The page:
Another of the prostitutes, a 19-year-old woman, told investigators that Mack eventually came to control her life after she began buying heroin from him early this year.
The woman said that Mack would pick her up at her home and take her to the Tattersal Court house to buy and use drugs, Liberti wrote. When the woman didn’t have enough money for heroin, Mack allegedly offered to get her high in exchange for sex.
“Mack began fronting heroin to Jane Doe #1 and her drug debt became too high for her to pay,” Liberti wrote. “Mack told Jane Doe #1 about his prostitution business. Within weeks, Mack told Jane Doe #1 that this is how she would work off her debt and refused to take her home.”
The 19-year-old said that Mack took her cell phone after she arrived at the house and supervised all of her phone calls, telling her what she could and couldn’t say. She also cooked and cleaned and wasn’t allowed to be alone in the house, the affidavit said.
The woman told the FBI that while she was held by Mack she would have sex with between three and 10 clients per day in hotel rooms procured by Onysko. She said she feared that Mack would “beat the living crap out of me” if she didn’t turn over all the money she made to him.
Onysko allegedly received a 30 percent cut of the profits for managing the prostitutes. She kept a notebook and daily planner that tracked the prostitutes’ money and how long they spent with clients, the affidavit said. The documents also contained appointment dates, customer names and earnings that were applied toward the women’s drug debts.
Although Mack allegedly kept the money the prostitutes made, he would provide them with clothes, makeup, food, cigarettes, condoms and drugs, the affidavit said. Onysko told police that she carried heroin with her to give to the prostitutes so they would be able to function while they were with clients.
The 19-year-old said she feared Mack. She described him as an armed and violent man who physically assaulted and threatened to kill the women he was holding. In one instance, he allegedly held a girl by her neck against a wall. He also allegedly hit the 19-year-old in the face when her family came looking for her.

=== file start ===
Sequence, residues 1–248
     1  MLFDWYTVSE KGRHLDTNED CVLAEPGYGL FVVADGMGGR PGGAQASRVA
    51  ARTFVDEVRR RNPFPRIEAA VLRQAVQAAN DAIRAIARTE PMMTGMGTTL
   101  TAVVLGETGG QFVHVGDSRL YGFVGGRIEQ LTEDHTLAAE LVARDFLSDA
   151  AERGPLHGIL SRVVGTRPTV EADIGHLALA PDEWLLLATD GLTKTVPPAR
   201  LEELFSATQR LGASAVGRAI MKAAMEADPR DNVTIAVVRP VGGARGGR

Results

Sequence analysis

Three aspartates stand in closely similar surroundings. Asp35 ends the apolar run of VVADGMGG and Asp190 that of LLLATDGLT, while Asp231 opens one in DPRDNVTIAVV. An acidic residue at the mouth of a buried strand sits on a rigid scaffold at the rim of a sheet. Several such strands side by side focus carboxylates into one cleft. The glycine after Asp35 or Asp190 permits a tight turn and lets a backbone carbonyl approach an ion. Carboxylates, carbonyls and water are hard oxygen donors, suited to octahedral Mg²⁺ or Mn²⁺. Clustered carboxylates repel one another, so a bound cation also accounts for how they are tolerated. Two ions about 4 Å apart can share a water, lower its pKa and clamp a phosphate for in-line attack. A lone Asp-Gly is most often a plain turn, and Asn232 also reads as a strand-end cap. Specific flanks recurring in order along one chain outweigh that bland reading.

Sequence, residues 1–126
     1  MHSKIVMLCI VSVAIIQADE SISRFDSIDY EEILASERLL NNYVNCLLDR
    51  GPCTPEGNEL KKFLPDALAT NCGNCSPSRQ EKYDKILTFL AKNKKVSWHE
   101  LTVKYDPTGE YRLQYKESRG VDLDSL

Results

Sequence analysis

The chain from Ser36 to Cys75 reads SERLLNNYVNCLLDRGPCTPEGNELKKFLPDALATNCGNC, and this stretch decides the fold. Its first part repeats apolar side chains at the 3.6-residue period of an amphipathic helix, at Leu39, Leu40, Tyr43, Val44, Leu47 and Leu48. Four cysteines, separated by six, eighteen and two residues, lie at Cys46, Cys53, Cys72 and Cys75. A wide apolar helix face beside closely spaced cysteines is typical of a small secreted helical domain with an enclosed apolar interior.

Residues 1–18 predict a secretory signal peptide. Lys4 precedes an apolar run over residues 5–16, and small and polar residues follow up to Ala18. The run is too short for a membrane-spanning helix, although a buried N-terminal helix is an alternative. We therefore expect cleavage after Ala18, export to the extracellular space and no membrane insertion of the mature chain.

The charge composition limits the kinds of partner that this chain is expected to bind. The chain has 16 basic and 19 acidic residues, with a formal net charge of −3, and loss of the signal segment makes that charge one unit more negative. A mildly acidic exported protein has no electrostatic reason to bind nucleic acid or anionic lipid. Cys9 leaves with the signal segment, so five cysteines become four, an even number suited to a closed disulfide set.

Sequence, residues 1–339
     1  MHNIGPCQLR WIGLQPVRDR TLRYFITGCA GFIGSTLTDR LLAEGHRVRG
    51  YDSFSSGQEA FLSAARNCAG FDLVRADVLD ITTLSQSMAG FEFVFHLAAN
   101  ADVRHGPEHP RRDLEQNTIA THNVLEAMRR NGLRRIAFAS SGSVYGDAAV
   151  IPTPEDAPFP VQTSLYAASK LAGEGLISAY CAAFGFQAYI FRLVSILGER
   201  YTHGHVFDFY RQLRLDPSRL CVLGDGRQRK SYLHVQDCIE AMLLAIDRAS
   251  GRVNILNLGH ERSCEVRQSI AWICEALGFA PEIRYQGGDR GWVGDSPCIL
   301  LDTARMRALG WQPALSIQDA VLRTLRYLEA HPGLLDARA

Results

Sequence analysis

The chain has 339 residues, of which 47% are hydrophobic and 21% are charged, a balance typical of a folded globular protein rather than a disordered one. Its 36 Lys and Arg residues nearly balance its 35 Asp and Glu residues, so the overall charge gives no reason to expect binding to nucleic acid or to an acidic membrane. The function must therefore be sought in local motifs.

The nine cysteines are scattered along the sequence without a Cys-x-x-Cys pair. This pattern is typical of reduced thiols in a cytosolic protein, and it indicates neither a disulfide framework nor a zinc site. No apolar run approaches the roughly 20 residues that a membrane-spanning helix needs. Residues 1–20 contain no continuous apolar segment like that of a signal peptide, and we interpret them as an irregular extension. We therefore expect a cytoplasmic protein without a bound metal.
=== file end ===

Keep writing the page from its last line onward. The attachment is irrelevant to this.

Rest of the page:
On at least five occasions, the woman told investigators, Mack suspected that the women in the house had stolen some of the heroin and cocaine he was selling. He allegedly told his son, Toby Lewis, to watch the women while he got his gun and then proceeded to perform strip and body cavity searches on them.
Lewis, 18, is facing state drug charges.
Attorney Mike Duff, who represents Onysko on state heroin possession and compelling prostitution charges, said he isn’t involved in the federal case.
“It’s unfortunate that they would want the federal authorities to get involved in what is purely a local matter,” Duff said.
Elyria police Capt. Chris Costantino said Thursday that the case remains under investigation and none of the women Mack and Onysko allegedly forced into prostitution have been charged with a crime, although that is a possibility.
“They’re victims of their addiction and their addiction was causing them to engage in criminal activity,” Costantino said.
In the meantime, the women are receiving counseling and other services to help them recover from their ordeal, said Mindi Kuebler of the Human Trafficking Collaborative of Lorain County.
She said people shouldn’t be surprised that human trafficking was taking place so close to home.
“What everybody needs to understand is human trafficking is an issue in Lorain County as well as throughout the state of Ohio,” Kuebler said.
Contact Brad Dicken at 329-7147 or firstname.lastname@example.org.